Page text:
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J Cell Biochem. 2003 Mar 1;88(4):812-22.

Cell cycle dependent regulation of protein kinase CK2 signaling to the nuclear matrix.

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Cellular and Molecular Biochemistry Research Laboratory (151), Minneapolis Veterans Affairs Medical Center and Department of Laboratory Medicine and Pathology, University of Minnesota, Minneapolis, Minnesota 55417, USA.


Protein kinase CK2 is a ubiquitous protein serine/threonine kinase that is involved in cell growth and proliferation as well as suppression of apoptosis. Several studies have suggested that the kinase plays a role in cell cycle progression; however, changes in enzyme activity during phases of cell cycle have not been detected. Nuclear matrix is a key locus for CK2 signaling in the nucleus. We therefore examined CK2 signaling to the nuclear matrix in distinct phases of cell cycle by employing synchronized ALVA-41 prostate cancer cells. Removal of serum from the culture medium resulted in G0/G1 arrest, and a reduction in the nuclear matrix-associated CK2 activity which was rapidly reversed on addition of serum. Arresting the cells in G(0)/G(1) phase with hydroxyurea and subsequent release to S phase by serum gave similar results. Cells arrested in the G(2)/M phase by treatment with nocodazole demonstrated an extensive reduction in the nuclear matrix-associated CK2 which was reversed rapidly on addition of serum. Changes in the immunoreactive CK2 protein were concordant with the activity data reflecting a dynamic trafficking of the kinase in distinct phases of cell cycle. Under the same conditions, CK2 activity in total cellular lysate remained essentially unaltered. These results provide the first direct evidence of discrete modulations of CK2 in the nuclear matrix during the cell cycle progression. Inducible overexpression of CK2 in CHO cells yielded only a modest increase in CK2 activity even though a significant increase in expression was apparent at the level of CK2 alpha-specific message. Stably transfected ALVA-41 cells, however, did not show a significant change in CK2 levels despite increased expression at the message level. Not surprisingly, both types of the stably transfected cells failed to show any alteration in cell cycle progression. Distribution of the CK2 activity in the cytosolic versus nuclear matrix fractions in normal cells appears to be different from that in the cancer cells such that the ratio of nuclear matrix to cytosolic activity is much higher in the latter. Considering that nuclear matrix is central to several nuclear functions, this pattern of intracellular distribution of CK2 may have implications for its role in the oncogenic process. Published 2003 Wiley-Liss, Inc.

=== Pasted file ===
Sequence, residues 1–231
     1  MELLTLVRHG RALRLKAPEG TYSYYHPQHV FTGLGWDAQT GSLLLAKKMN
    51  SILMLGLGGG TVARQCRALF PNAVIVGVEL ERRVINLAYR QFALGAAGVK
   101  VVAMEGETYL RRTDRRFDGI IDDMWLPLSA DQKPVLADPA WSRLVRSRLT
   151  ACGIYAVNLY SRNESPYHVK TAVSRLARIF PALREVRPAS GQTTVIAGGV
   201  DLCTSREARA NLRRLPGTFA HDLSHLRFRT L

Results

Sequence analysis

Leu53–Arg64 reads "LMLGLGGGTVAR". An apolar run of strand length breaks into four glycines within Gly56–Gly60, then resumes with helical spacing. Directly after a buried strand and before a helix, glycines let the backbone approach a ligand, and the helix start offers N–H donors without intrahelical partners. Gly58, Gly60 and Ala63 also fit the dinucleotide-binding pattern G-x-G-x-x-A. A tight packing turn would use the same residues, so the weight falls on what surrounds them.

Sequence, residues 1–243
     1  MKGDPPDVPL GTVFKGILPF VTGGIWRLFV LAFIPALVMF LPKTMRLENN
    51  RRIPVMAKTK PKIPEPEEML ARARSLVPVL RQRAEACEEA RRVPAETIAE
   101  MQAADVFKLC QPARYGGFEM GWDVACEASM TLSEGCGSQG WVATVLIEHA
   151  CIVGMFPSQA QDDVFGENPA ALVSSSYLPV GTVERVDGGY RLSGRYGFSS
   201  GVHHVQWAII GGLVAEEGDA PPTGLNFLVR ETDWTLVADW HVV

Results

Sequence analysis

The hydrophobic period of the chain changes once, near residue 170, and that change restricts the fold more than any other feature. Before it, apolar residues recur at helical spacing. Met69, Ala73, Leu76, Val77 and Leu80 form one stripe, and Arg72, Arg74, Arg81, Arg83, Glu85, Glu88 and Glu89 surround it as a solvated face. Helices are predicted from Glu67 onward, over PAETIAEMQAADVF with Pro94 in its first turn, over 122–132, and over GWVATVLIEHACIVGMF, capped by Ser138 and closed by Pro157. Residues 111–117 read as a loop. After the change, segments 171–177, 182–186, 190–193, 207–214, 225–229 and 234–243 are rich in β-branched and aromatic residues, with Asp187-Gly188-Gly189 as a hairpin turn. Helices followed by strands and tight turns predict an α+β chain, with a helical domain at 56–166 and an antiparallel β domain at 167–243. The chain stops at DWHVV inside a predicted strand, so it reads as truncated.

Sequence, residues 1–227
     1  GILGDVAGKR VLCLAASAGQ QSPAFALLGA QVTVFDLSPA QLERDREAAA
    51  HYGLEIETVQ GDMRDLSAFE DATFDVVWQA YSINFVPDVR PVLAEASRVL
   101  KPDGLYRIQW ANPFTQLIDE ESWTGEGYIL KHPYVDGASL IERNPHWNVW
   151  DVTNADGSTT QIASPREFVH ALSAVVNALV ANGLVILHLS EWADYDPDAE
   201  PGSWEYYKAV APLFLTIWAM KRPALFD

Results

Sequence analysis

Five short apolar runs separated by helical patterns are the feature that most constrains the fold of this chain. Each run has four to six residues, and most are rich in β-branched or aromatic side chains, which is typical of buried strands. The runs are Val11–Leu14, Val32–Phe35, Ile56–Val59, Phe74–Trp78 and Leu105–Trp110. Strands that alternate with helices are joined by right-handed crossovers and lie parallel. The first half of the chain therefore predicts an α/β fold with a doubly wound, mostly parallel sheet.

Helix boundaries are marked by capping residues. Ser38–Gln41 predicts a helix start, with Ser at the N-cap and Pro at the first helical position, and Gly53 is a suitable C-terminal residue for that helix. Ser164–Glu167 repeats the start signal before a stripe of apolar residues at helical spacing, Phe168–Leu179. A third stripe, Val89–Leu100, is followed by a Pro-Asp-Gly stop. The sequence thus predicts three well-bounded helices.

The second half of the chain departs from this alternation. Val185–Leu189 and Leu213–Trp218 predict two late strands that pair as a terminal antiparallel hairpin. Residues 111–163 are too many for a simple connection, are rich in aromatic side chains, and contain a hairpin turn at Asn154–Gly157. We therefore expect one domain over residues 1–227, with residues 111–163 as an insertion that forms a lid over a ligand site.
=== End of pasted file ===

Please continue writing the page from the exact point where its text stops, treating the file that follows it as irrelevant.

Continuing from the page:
[Indexed for MEDLINE]

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